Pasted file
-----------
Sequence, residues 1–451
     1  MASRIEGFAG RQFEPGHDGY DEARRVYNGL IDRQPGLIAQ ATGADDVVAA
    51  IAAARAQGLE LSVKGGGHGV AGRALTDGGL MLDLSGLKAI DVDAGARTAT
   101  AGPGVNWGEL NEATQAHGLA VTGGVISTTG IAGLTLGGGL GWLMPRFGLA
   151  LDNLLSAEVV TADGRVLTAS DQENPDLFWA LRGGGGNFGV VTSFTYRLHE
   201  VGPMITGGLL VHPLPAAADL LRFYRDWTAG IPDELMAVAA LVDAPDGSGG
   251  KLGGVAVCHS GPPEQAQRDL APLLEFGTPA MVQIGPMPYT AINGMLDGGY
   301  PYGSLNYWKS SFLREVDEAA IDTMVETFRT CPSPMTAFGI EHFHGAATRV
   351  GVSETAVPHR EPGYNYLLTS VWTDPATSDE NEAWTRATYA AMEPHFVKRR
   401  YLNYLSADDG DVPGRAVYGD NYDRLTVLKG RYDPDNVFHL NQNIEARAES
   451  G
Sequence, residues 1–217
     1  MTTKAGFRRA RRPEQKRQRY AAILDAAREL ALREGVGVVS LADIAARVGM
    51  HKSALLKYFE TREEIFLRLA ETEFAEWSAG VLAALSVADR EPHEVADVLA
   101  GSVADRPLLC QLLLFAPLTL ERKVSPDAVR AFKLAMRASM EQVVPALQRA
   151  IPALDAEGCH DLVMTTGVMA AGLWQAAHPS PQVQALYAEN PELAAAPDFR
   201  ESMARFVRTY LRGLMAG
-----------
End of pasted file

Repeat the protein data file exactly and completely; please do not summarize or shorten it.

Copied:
Sequence, residues 1–451
     1  MASRIEGFAG RQFEPGHDGY DEARRVYNGL IDRQPGLIAQ ATGADDVVAA
    51  IAAARAQGLE LSVKGGGHGV AGRALTDGGL MLDLSGLKAI DVDAGARTAT
   101  AGPGVNWGEL NEATQAHGLA VTGGVISTTG IAGLTLGGGL GWLMPRFGLA
   151  LDNLLSAEVV TADGRVLTAS DQENPDLFWA LRGGGGNFGV VTSFTYRLHE
   201  VGPMITGGLL VHPLPAAADL LRFYRDWTAG IPDELMAVAA LVDAPDGSGG
   251  KLGGVAVCHS GPPEQAQRDL APLLEFGTPA MVQIGPMPYT AINGMLDGGY
   301  PYGSLNYWKS SFLREVDEAA IDTMVETFRT CPSPMTAFGI EHFHGAATRV
   351  GVSETAVPHR EPGYNYLLTS VWTDPATSDE NEAWTRATYA AMEPHFVKRR
   401  YLNYLSADDG DVPGRAVYGD NYDRLTVLKG RYDPDNVFHL NQNIEARAES
   451  G
Sequence, residues 1–217
     1  MTTKAGFRRA RRPEQKRQRY AAILDAAREL ALREGVGVVS LADIAARVGM
    51  HKSALLKYFE TREEIFLRLA ETEFAEWSAG VLAALSVADR EPHEVADVLA
   101  GSVADRPLLC QLLLFAPLTL ERKVSPDAVR AFKLAMRASM EQVVPALQRA
   151  IPALDAEGCH DLVMTTGVMA AGLWQAAHPS PQVQALYAEN PELAAAPDFR
   201  ESMARFVRTY LRGLMAG